Tuesday, November 22, 2011

Shucking and Silking

Today, the outside of my house looked like this

and inside of my house things looked like this

so I found it to be a perfect time to prep my favorite Thanksgiving side dish.

Growing up, one day a year (if we were lucky, sometimes it took 2 days) my family including my grandparents, aunts, uncles, my parents, my brothers and I would all gather at The Farm to harvest the corn my grandpa had grown in his football field-sized garden. This was a sacred time of year for me. We were all there, with one purpose, working together, each with our own job, to get something done that we'd all benefit from for a whole year. Grandpa and a few boys would go to the garden and pick the ready ears of corn, and in an assembly line-ish way, bring the corn to the other boys who would then shuck ear after ear of fresh, golden corn. Then those boys would send the corn over to the young girls who would "silk" the corn and make sure none of that hairy stuff was left on the corn! The girls would then send the corn to my dad and my Uncle Gary who would boil the corn in a huge pot of boiling water, and then immediately give the corn a cold bath in an ice-cold trough full of water. Then one lucky kid (who didn't have to shuck or silk) got to wheel the blanched corn to the garage where Mom, Aunt Lena, and Grandma sat, patiently waiting. This was perhaps the most sacred part of all for me. Three of my women-heroes sat, wearing old, worn, used, aprons, chatting about the ins and outs of their days, the town, the gospel, and anything else. Grandma would get after us kids if the ears weren't silked enough and she'd get after her girls if they weren't milking the cobs hard enough. One year she took over the milking and if I remember correctly, used a cheese-grater to get every last drop of milk out of those cobs. I think the cheese-grater became a tradition. It was always my hope and dream to be big and old enough to get to cut the corn off the cob, and dare I even imagine being the one to milk the cob. I would have given ANYTHING. Ultimately, all that corn from the garden was bagged and frozen, to be enjoyed year 'round. And the day when most of that corn was consumed? Thanksgiving for sure. Well, besides one Thanksgiving while in college, this is my first Thanksgiving not spent with any of our family, and I was feeling homesick for family, and for corn. So all morning I spent trying to reenact the Sherwood corn harvest in my own kitchen. I laughed at myself, I cried. I cried missing my Grandma. I cried over the smell and what the smell of cooked corn coming off the cob represents to me. And in the end, I came out with a meager amount of corn to be served on Thursday, but that corn will mean more to me than anybody else at the table, and hopefully it will make me feel a little closer to home. Today, I am thankful for family, for memories, for traditions, and for corn.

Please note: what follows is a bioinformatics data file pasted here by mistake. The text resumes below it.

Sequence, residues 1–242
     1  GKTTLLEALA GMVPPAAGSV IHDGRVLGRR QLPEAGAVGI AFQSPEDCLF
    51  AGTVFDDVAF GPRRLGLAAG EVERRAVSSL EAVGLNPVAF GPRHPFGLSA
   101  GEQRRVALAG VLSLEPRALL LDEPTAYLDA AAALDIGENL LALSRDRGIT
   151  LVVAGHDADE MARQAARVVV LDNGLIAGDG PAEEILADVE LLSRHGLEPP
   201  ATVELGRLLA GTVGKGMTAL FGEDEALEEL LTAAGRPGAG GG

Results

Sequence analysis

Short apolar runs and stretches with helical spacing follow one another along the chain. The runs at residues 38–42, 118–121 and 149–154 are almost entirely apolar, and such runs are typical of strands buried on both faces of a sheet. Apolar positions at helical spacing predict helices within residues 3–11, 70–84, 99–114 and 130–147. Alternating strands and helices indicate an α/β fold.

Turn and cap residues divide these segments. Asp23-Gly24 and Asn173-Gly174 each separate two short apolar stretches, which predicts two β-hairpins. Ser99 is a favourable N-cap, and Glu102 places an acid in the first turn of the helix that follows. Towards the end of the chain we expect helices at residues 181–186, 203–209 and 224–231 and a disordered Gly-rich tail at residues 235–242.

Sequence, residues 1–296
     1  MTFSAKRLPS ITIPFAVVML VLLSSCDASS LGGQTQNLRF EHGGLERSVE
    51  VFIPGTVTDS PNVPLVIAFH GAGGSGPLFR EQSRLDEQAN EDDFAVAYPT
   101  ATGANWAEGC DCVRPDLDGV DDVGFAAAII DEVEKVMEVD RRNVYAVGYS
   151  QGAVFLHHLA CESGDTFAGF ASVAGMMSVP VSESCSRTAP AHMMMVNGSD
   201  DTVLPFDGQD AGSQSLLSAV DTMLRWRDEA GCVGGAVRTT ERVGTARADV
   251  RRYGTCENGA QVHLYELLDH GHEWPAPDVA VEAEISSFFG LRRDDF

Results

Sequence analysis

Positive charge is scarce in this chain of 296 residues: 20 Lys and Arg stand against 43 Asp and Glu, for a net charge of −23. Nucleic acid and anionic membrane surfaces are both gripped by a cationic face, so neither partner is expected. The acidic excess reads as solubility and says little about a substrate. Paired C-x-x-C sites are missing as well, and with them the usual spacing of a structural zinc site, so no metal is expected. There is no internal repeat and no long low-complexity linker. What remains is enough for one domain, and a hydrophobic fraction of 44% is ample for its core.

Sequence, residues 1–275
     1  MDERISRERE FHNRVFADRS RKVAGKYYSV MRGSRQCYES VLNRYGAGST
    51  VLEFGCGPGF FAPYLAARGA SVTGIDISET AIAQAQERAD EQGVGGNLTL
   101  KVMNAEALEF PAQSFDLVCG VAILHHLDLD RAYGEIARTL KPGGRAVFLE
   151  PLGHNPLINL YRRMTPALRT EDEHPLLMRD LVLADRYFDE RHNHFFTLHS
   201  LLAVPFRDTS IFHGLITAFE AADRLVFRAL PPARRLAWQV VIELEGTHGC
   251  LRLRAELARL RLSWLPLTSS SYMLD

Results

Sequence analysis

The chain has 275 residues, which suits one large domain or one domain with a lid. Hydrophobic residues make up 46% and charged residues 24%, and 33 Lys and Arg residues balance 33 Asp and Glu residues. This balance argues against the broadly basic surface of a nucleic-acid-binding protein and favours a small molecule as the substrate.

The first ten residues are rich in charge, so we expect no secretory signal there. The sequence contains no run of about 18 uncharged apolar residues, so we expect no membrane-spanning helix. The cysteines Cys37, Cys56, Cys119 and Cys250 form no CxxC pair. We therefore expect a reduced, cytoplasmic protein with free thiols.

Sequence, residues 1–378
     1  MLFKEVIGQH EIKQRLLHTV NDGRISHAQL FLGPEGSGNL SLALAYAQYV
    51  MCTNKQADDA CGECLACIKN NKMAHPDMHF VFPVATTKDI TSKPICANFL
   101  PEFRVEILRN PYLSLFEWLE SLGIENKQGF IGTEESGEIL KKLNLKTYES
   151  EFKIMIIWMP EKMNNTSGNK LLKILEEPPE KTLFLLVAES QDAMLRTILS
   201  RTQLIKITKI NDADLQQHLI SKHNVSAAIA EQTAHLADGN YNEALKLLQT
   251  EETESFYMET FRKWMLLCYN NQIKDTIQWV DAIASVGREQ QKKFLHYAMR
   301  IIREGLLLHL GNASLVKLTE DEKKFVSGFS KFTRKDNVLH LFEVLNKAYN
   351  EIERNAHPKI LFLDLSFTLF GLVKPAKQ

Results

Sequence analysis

Shucking and silking.

Waiting for the water to boil, then throwing the corn in the pot.

Bringing the corn back to a boil and then giving it a cold bath.

Cutting the corn off the cob and milking every last drop from each ear.

The finished product.

Happy Tuesday.